No fewer than 18 Nigerians die hourly from Tuberculosis (TB), the National Tuberculosis, Buruli Ulcer, and Leprosy Control Programme (NTBLCP), said on Friday in Lagos.
Mrs. Itohowo Uko, the Deputy Director of NTBLCP in the Federal Ministry of Health, disclosed this at an integrated media parley organised by Breakthrough Action -Nigeria in collaboration with the Health Writers Association of Nigeria (HEWAN) in Lagos.
Uko, who is also a laboratory scientist described tuberculosis as an airborne infectious disease caused by the germ, Mycobacterium Tuberculosis which affects the lungs mainly but may affect any other part of the body.
”According to the World Health Organisation (WHO) 2017 global report, TB is one of the top 10 causes of death worldwide and Nigeria is classified among the 14 countries with high burden of TB.
”It is estimated that two out of every 1,000 Nigerians will have TB; 104,940 TB patients representing about 20 per cent of existing patients were notified to the authorities in 2017.
“This means that there is a huge number of TB patients in communities that are not notified.
”No fewer than 18 Nigerians die every hour of TB and one case of untreated TB can infect between 10 and 15 persons per year.
”Nigeria has the sixth highest burden of TB patients globally and first in Africa; of the 104,904 patients notified in 2017, 63 per cent were aged between 15 and 44; the working age group is the most affected,” she said.
Uko said that the statistics were scary and called on all stakeholders to show concern to ensure a Nigeria-free TB, reduce burden, as well as reach zero TB deaths.
On the dynamics of TB, she said that TB is spread through the air when the person with TB of the lungs coughs, sneezes, sings or talks.
According to her, TB is curable and the patient is not termed as infectious after few weeks of treatment.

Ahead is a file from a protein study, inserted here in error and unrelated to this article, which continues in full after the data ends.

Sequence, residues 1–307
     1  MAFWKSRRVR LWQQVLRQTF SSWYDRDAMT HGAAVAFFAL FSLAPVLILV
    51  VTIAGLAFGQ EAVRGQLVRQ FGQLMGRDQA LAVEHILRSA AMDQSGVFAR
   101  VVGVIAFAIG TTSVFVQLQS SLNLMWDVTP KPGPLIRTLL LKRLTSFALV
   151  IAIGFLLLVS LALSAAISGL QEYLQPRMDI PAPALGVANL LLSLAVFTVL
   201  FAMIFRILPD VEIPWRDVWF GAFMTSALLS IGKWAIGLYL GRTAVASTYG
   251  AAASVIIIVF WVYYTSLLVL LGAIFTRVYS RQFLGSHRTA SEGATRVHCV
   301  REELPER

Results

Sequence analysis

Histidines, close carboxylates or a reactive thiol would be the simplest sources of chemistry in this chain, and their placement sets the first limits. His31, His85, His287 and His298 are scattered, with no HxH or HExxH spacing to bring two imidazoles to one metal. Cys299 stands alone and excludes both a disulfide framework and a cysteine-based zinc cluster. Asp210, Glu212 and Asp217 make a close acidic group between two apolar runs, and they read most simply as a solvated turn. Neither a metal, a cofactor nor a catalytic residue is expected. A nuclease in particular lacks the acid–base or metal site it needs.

”Persistent cough of two weeks or more duration may be due to TB and needs to be further investigated.
”Other signs of TB of the lungs include, loss of weight when you are not trying to lose weight, drenching night sweats when others close by are not sweating like that and loss of appetite,” she said.
Uko advised the public to avoid overcrowded and poorly ventilated environments, observe cough hygiene by covering their mouths properly when coughing and sneezing.
She also advised them not to be spitting indiscriminately in public, as well as eating a balanced diet to avoid malnutrition.
She also called for prompt diagnosis of TB in patients and recommended treatment for six months to prevent spreading the germ to others.
”TB is completely curable if detected and treated early; the drugs and diagnostic tests are free of charge in Nigeria.
”The toll-free number to call is 08002255282 if you have any of the above signs or symptoms for further guidance.
”There is the urgent need to increase early TB case finding, notification, and treatment,’’ she said.
Uko also urged the media to work with health agencies in the dissemination of health-promoting messages to the public.
In her remarks, Dr. Bolatito Aiyenigba, Deputy Director, Malaria and Tuberculosis Project of Breakthrough Action-Nigeria, said the project focused on Integrated Health Social Behaviour Change in the country.
Aiyenigba highlighted maternal, neonatal, child health, as well as nutrition, family planning, malaria and tuberculosis as its areas of focus.
She also said that the project had helped to build media capacity in the reportage of malaria, family planning, nutrition, and tuberculosis.
“Health is a general concern and the media has a role to play in educating and informing the public on the need to adopt healthy lifestyles and reduce the high prevalence of diseases in the country,’’ Aiyenigbe said.